Business & Finance

When Are Taxes Due? It Depends!

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Most individuals of legal age know April 15 as the date that taxes are due. But, when are they not due on April 15?

Before the Revolutionary War, taxes were mostly on whiskey and tobacco. During the Civil War, the federal government tried to collect taxes, but it was eventually declared unconstitutional.

On July 2, 1909, Congress passed and, on Feb. 3, 1913, the 16th Amendment was ratified and added to the U.S. Constitution.

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The 16th Amendment gave Congress the legal authority to tax the income of the people, establishing the individual income tax.

The deadline in 1913 was March 1. The deadline changed to March 15 in 1918 and, since 1955, the deadline has been April 15.

So, when are taxes due now and why? The answer is, “It depends!”

Until 2011, the Patriot's Day holiday in Maine and Massachusetts sometimes gave residents of those states, and states mailing returns or payments to the federal government with addresses in those states an extra day if the 15th fell on the holiday. The IRS, for the most part, has resolved that issue by no longer having payments sent to addresses in those states.

If the 15th falls on Monday, Tuesday, Wednesday or Thursday, taxes are due on that day. If the 15th falls on a Saturday, Sunday or holiday, they are due on the next day that is NOT a Saturday, Sunday or holiday.

Here is where it gets a little tricky. In 1862, President Lincoln signed the District of Columbia Compensated Emancipation Act for the release of certain persons held to service or labor in the District of Columbia. The District of Columbia celebrates April 16 as Emancipation Day. This holiday is celebrated on different dates, in different parts of the country. On Jan. 4, 2005, the D.C. mayor signed legislation making Emancipation Day an official holiday in D.C. So, while Emancipation Day occurs on April 16, by law, when April 16 falls during a weekend, the holiday is observed on the nearest weekday.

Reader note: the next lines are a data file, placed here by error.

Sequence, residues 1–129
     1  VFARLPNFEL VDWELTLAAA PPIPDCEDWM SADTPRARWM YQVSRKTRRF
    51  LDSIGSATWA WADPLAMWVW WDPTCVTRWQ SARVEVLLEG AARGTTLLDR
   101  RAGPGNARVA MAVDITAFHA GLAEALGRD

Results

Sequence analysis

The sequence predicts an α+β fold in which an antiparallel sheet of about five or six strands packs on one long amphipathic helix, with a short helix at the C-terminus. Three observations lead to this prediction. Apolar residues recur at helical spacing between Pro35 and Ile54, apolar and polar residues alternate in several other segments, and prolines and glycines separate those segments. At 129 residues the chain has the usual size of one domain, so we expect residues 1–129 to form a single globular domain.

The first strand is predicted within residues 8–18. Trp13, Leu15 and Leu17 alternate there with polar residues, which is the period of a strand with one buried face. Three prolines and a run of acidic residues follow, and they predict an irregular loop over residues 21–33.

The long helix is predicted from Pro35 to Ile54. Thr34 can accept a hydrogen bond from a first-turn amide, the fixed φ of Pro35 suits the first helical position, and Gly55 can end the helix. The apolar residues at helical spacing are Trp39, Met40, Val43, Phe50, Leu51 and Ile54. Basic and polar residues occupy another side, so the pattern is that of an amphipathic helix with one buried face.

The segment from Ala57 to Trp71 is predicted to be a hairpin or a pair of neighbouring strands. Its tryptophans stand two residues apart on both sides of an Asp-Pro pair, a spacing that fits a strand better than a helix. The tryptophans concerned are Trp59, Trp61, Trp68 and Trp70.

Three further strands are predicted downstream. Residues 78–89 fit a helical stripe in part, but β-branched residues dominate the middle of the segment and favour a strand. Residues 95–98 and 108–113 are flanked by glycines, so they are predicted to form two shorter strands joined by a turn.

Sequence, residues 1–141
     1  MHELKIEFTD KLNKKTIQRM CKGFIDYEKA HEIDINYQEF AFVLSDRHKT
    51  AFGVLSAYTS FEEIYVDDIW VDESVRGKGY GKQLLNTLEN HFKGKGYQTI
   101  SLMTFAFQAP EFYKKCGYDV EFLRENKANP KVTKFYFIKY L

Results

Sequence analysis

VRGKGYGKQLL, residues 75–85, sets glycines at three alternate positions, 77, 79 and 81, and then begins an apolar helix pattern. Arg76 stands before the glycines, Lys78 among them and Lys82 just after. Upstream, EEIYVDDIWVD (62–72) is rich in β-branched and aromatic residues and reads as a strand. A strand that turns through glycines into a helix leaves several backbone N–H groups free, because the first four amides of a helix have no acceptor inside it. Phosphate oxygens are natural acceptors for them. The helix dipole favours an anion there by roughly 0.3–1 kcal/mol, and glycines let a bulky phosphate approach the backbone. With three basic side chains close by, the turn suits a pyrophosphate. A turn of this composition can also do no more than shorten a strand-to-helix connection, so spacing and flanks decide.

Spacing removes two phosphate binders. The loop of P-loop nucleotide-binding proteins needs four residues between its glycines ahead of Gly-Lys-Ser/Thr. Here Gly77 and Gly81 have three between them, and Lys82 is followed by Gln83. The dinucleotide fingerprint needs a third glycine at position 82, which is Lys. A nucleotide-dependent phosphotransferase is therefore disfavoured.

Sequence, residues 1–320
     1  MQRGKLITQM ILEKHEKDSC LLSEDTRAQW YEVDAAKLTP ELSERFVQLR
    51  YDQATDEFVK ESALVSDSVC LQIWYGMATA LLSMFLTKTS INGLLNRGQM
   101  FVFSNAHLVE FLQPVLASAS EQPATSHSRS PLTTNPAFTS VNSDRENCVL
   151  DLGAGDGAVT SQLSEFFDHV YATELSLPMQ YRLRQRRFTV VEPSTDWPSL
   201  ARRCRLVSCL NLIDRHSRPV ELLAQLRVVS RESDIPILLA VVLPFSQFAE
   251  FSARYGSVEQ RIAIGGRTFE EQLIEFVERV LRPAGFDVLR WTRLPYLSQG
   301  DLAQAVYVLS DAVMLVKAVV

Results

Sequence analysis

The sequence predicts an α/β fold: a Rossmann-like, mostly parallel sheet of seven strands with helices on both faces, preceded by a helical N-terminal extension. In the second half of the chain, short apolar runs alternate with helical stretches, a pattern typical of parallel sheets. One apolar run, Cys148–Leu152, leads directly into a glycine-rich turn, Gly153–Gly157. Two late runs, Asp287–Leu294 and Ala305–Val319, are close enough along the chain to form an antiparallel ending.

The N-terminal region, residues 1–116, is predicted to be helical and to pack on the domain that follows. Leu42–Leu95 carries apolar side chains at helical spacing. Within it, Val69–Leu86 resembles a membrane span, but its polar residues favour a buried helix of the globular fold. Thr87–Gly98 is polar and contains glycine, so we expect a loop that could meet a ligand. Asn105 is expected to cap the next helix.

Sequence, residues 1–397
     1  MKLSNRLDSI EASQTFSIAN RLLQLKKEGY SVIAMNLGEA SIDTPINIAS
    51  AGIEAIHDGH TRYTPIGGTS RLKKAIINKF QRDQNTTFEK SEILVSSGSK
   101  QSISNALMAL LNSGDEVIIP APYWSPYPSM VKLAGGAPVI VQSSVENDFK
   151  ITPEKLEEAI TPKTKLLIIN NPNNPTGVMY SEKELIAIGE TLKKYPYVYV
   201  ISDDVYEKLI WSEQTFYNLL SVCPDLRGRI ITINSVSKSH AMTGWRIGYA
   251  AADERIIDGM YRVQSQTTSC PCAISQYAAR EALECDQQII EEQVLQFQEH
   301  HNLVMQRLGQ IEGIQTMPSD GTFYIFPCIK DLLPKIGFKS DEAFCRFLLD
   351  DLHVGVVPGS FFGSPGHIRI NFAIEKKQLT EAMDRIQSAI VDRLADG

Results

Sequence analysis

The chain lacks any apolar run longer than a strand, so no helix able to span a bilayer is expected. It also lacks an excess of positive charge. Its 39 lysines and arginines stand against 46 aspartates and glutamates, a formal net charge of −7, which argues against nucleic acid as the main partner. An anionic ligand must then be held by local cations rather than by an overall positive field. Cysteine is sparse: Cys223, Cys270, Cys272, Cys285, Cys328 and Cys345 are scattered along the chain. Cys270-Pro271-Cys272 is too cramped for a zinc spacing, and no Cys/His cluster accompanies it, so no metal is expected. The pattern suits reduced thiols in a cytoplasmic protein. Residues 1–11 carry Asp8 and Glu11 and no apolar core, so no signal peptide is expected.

So if the 15th falls on a Friday, it is the nearest weekday to the holiday on the 16th and that pushes the 15th tax deadline to Monday the 18th. If the 15th falls on a Saturday, that means the 16th, which falls on a Sunday, gets pushed to the closest weekday, Monday the 17th, and taxes are not due until Tuesday the 18th. If the 15th falls on a Sunday, then Monday the 16th is the scheduled holiday and it pushes the tax filing deadline to Tuesday the 17th, as it does this year.

If even with the two extra days, you find that you still can’t put your hands on that W-2 or a 1099, you can file and ask for an extension by the due date on form 4868. Please know that the extension is only an extension of time to submit the paperwork, not an extension of time to pay the tax. You should estimate as conservatively close as you can and submit payment in full with the extension form. The extension gets you six months extra and the return is then due on Oct. 15.

If you are located outside of the 50 states, D.C. and Puerto Rico, your due date is generally two months later, on June 15.

Lynn Rendine is a certified public accountant. She has been practicing for more than 35 years, with an office and practice in Yorktown Heights. She can be reached at 914-245-5966.

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